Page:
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Deputy superintendent latest in string of Broward school departures

Judith Marte is retiring early as deputy superintendent of operations for Broward Schools, the latest in a string of high-profile departures from the school district.

Marte, who has worked for the district during two stints since 2017, sent a letter to Interim Superintendent Howard Hepburn on Monday saying she planned to retire June 30.

“I am grateful for the opportunity to serve our students, families and community,” Marte wrote Hepburn in a letter dated Monday. “It has been an honor to serve alongside such talented colleagues, and a privilege to lead an amazing group of hardworking professionals in Finance and Operations.”

Marte, 65, has been enrolled in a state deferred retirement program since 2020 and had planned to retire June 30, 2025, according to district records. It’s unclear why she decided to retire a year early. She couldn’t be reached Monday by the South Florida Sun Sentinel, despite attempts by phone.

Her departure follows a number of other recent top-level leaders who have left the district in recent months.

The highest profile one was Superintendent Peter Licata, who told the School Board on April 16, barely nine months on the job, that he planned to retire Dec. 31 for health reasons. The School Board voted to immediately replace him with Hepburn, who had served as deputy superintendent for teaching and learning since August.

Licata’s separation negotiations with Board Chairwoman Lori Alhadeff are scheduled for 10 a.m. Tuesday.

A few days after Licata’s announcement, Deborah Czubkowski, who was hired in October as chief facilities officer, submitted her resignation. She has accepted a job as vice president for facilities at Broward College, where she worked for 15 years, most recently as associate vice president for facilities. She called the college “an incredible place to work,” in an interview Monday with the Sun Sentinel.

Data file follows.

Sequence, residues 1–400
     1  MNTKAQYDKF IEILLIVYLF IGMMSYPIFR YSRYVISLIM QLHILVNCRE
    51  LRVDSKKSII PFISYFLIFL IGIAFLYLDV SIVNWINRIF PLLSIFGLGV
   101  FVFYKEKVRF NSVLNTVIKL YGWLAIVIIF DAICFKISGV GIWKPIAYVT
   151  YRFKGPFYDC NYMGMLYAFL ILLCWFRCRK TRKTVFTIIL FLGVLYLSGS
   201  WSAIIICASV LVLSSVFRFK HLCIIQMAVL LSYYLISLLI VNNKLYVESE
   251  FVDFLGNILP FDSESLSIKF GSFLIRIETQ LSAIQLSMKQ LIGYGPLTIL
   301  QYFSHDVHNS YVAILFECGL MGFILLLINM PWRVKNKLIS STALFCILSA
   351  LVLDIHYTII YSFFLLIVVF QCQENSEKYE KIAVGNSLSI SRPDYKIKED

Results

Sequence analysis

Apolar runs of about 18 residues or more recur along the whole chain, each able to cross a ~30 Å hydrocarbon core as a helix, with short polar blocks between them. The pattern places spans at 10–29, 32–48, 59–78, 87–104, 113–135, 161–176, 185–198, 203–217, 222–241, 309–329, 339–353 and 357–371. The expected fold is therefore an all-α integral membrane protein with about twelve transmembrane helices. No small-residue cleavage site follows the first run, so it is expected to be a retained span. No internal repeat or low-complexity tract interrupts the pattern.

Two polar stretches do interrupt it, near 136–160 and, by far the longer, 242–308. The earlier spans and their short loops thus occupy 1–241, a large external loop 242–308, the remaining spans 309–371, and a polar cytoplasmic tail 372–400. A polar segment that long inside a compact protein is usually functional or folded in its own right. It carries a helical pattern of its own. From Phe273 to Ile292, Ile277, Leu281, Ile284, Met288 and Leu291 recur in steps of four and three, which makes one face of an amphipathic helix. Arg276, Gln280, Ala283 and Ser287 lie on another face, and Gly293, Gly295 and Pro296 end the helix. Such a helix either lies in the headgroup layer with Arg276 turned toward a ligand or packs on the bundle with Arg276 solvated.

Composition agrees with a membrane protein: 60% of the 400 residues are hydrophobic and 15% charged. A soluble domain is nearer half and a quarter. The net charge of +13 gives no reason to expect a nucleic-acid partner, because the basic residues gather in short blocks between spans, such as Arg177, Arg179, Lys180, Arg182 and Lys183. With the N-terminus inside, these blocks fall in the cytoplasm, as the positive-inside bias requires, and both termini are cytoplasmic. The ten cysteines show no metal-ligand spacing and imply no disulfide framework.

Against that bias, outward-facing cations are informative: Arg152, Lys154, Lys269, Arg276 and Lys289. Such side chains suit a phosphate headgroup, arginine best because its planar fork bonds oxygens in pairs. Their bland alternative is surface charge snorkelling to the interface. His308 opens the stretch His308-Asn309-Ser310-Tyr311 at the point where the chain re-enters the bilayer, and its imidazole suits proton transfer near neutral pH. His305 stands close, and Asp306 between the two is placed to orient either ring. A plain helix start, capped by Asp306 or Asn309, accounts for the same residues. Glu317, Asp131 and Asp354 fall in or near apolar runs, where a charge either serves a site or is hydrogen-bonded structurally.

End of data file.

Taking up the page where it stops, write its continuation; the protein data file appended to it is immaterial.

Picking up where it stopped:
When the Broward College vice president job opened, Czubkowski wasn’t going to apply for it, because she’d made a commitment to the school district, she said.

“But then when Dr. Licata resigned, I said, ‘sometimes you have to listen to the signs,’” she said. “I took it as a sign.”

Zoie Saunders, who served only three months as chief strategy and innovation officer, resigned in late March after Vermont Gov. Phil Scott nominated her to be the state’s education secretary. The Senate voted last week not to confirm her for the permanent job, but Scott has still placed her in the job on an interim basis.

Two Broward schools directors also have recently resigned: Jill Young, who headed enrollment and demographics, and Mary Coker, who oversaw procurement and warehousing services. Coker took a job as general services director for Pompano Beach. Young couldn’t be reached for comment.

Marte, who was a longtime administrator for the Miami-Dade School District, was hired by former Broward Superintendent Robert Runcie as chief financial officer in 2017. Shortly after Runcie announced his resignation in the spring of 2021, Marte left to accept a job as chief financial officer for Florida Virtual School.

When Vickie Cartwright was hired as permanent superintendent in early 2022, she recruited Marte for one of two newly created deputy superintendent positions.

But Marte’s future appeared uncertain later that year when a statewide grand jury report was released. She was one of four administrators still working with the district who was named unfavorably in the report.

Cartwright forced out the other three, amid pressure from the state. But she saved Marte, who was accused of making statements related to the $800 million bond program for school construction that the grand jury found problematic.

The grand jury said Marte misled the School Board related to an $800 million bond for school construction, by saying it would not create an additional tax burden for the public if the district took out more bonds beyond what was voter-approved. The grand jury said she failed to mention that the action meant there would be less money for maintenance work.

Cartwright argued Marte’s statement was accurate and told state officials she reached out to a financial adviser and a school financing lawyer, who both agreed with Marte’s comments about no additional tax burden.

It’s unclear whether Marte’s position will remain on the superintendent’s organization chart, which Hepburn plans to present to the School Board on May 14.

“We wish Mrs. Marte well in the next phase of her life,” Hepburn wrote to School Board members Monday. “She has truly been an asset to staff, families and students of Broward County Public Schools.”

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